Death As Performance Art: People Share Stories Of Loss On Stage
Dealing with death is not easy. But some in the Bay Area are opening the conversation by stepping on stage and telling their stories of loss and mortality to an audience.
You’re going to die.
These words strike fear in the hearts of many people, but they state a simple fact we can’t deny. Here in the Bay Area, death is stepping out in front of the curtain and taking center stage. Some people are finding comfort addressing death and mortality creatively through storytelling, poetry, and music. Here in the Bay Area area they’re expressing themselves at popular event venues.
Stagebridge in Downtown Oakland is the nation’s oldest and most renowned theater company of older adults. The company started in 1978 with a mission to enrich the lives of seniors through the performing arts with shows and classes.
“For Dyin’ Out Loud” , is Stagebridge’s first storytelling event about life’s paths, including the journey to the end.
“We wanted to create a venue where we could share our stories,” said Eleanor Clement Glass, one of the participating senior storytellers. “Then hopefully spark discussion and thinking about living fully and dying.”
An audience of 50 people listened with rapt attention as Glass shared her stories about the death of her father and how her mother successfully coped with her loss.
“It helped me get in very close, emotional touch with my mom and dad,” said Glass, “A participant came up to me and said ‘this was so heart-opening.’ And that’s exactly what I felt and what I wanted others to feel.”
Ben Tucker, also known on stage as Brother Ben, is another Stagebridge storyteller. A tall and imposing presence on stage, Tucker told the audience a moving story of his friend Ron, who died of a sudden heart attack while hiking in Berkeley’s Tilden Park. He ended the story by having the audience sing “Happy Trails” with him.
“It was cathartic,” said Tucker. “It helped me bring out that last little bit of grief and share it with the audience. I could see the looks on their faces. I think Ron would have been very proud that he was being remembered in such a supportive group of people.”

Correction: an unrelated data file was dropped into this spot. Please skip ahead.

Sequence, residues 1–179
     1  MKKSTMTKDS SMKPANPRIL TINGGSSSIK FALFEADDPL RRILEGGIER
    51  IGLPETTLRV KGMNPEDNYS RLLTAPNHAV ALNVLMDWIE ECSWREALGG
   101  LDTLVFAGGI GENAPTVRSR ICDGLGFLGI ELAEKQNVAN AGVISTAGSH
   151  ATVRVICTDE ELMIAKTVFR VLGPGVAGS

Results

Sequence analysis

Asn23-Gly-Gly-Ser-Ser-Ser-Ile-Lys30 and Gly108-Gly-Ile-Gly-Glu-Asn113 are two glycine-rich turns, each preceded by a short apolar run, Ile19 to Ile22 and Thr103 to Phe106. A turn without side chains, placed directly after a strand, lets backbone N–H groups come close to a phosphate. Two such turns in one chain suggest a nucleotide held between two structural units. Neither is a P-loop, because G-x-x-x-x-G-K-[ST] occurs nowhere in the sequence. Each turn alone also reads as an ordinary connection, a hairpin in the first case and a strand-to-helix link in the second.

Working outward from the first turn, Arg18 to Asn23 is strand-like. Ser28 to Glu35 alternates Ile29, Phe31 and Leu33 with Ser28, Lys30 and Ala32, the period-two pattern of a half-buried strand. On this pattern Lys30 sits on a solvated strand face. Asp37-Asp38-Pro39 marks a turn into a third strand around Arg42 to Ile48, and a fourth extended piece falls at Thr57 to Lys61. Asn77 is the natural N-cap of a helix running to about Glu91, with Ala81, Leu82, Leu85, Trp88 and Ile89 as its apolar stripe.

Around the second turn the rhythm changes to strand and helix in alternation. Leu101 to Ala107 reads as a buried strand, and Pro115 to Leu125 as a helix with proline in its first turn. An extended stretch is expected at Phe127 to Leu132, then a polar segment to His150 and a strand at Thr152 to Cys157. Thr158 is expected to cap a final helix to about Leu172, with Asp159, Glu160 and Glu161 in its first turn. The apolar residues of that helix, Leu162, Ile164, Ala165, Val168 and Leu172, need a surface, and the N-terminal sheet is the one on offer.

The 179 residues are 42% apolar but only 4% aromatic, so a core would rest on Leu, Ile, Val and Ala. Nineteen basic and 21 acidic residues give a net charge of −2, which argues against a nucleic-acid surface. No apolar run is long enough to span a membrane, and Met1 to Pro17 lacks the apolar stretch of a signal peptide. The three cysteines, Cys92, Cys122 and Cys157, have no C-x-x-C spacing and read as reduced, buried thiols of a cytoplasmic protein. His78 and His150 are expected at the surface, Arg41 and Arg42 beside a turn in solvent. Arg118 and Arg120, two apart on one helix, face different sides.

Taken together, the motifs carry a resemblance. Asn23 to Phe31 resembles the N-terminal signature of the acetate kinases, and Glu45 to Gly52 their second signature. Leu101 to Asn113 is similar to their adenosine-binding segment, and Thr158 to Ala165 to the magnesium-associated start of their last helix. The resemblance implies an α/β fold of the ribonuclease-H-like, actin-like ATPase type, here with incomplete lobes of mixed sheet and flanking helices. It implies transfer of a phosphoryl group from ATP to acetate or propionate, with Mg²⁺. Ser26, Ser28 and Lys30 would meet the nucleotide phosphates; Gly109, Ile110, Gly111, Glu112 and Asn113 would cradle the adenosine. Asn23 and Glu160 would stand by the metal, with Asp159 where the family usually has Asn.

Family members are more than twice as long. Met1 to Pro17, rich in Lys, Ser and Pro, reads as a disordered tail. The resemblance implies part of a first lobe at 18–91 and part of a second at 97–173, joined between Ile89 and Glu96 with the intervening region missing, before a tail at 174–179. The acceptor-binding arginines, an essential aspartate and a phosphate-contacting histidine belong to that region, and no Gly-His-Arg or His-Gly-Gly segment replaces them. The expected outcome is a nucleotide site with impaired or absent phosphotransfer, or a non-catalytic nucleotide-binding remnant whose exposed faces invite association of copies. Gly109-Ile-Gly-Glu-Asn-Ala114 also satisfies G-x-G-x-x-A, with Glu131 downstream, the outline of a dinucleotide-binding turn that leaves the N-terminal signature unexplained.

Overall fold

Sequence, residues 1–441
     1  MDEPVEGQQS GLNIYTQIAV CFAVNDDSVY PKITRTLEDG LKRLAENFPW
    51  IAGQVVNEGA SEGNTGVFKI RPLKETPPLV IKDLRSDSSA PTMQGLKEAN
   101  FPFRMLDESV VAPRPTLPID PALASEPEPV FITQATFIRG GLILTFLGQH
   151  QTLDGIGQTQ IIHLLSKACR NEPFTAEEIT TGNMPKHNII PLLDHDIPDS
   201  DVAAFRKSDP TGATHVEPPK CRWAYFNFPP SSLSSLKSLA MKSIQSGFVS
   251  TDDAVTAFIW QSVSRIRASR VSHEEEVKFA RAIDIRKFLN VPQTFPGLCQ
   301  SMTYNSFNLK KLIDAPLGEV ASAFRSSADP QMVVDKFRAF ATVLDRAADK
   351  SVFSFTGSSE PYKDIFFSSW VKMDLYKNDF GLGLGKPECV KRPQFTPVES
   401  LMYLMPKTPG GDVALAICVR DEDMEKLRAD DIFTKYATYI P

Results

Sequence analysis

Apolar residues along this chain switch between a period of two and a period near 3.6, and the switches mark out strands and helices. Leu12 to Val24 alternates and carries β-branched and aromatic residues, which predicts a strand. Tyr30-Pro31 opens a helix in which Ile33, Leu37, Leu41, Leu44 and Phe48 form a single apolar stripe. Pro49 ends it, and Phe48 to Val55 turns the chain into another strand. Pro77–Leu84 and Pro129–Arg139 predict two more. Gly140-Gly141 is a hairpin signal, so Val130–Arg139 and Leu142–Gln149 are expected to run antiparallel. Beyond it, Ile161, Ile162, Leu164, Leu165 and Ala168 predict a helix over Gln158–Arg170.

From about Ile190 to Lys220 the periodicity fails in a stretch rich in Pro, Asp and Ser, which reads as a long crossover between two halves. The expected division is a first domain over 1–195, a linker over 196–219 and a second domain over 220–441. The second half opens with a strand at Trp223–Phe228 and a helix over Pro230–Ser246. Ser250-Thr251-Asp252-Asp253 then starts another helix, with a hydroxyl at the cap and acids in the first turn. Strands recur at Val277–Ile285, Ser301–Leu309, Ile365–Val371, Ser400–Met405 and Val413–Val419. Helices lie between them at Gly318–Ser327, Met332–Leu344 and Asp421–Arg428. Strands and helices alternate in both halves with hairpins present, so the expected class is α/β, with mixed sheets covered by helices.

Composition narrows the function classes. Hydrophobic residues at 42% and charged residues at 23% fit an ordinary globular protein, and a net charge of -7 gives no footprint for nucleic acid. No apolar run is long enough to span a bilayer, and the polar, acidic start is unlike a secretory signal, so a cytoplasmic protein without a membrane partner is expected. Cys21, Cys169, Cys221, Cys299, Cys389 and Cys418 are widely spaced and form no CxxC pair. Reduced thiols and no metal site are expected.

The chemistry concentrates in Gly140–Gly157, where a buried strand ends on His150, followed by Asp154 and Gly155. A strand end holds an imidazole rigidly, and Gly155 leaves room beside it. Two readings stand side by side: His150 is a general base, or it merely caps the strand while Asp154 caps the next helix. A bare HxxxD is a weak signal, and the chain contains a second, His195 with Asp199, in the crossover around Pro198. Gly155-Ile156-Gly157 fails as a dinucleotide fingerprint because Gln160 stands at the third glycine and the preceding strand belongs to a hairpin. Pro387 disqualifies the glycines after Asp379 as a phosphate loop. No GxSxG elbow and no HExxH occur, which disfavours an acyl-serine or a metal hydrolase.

Not everyone is comfortable discussing our mortality, let alone performing on stage in front of strangers. But, some psychologists say accepting our own mortality can help us embrace life and live our lives more fully and passionately.
The Final Act In San Francisco
Over in San Francisco,performer Ned Buskirk hosts the open-mic You’re Going To Die at The Lost Church theater in the Mission District. The monthly event features amateur storytellers, poets, and musicians. The evening started when Buskirk casually wandered on stage, dressed in a T-shirt and baseball cap. He set the tone for the show by encouraging the crown to say in unison, “I am going to die.”
You’re Going To Die started in Buskirk’s apartment with a few of his friends, following the death of his mother in 2003. It quickly grew and now draws a sell-out crowd of at least 70 people, most of them in their 20s and 30s. The event attracts people from all walks of life-- artists, doctors, and other professionals.
“It’s hard to say what brings everybody to You’re Going To Die,” said Buskirk. “It could be that someone’s just lost someone and they meet a friend who says, ‘You should go to this—it really helped me after my dad died or my friend died.’”
Everyone who signs up for the open mic has five minutes on stage. Some performers are young medical professionals who have witnessed death for the first time. The show offers them an outlet for sharing their frustrations, sadness, and grief. Others have lost parents, close relatives, or friends and these deaths remind them of their own mortality. Tracy, a participant at one of the open mic nights, was sobbing as she shared her fears about her brother who had been recently diagnosed with a terminal illness. “I don’t want this to be happening,” she said, “What’s going in my head is ‘we’re all going to die, we’re all going to die.’”
Buskirk believes that audience members and participants find comfort and healing by seeking connection with one another.
“Part of what we have too much of is [make] death and dying and our heart-breaking mortal experience a private matter,” he said, “ I think what we desire more of is healing through connectedness and reminders that we’re not alone.”
Buskirk feels this personally. He said, “I leave the show and I feel more alive and connected than I did before it began.”
You’re Going To Die runs the gamut of emotions, from joy and ecstasy to grief and sadness. The performers’ stories can easily move Buskirk to cry one moment and laugh the next.
“It’s how it was when my mom died,” he said, “These long stretches of feeling destroyed by sadness and despair and heartbreak. And then suddenly finding euphoria or a moment of hilarity. There’s something healthy about that.”
As the evening winds down and the curtain closes, the show isn’t over for Buskirk. You’re Going To Die is also a nonprofit organization that does charitable work. Buskirk organized Songs For Life, a group of musicians who play for hospice patients. Buskirk also started Alive Inside, which hosts monthly open mic events at San Quentin. He hopes to expand Alive Inside to other prisons outside of California.
Ned Buskirk’s creative use of the performing arts has touched many in the Bay Area and helped normalize open discussions around death—the final act in our lives.
This report was written and produced by JoAnn Mar with the support of a journalism fellowship from The Gerontological Society of America, Journalists Network on Generations, and The Silver Century Foundation.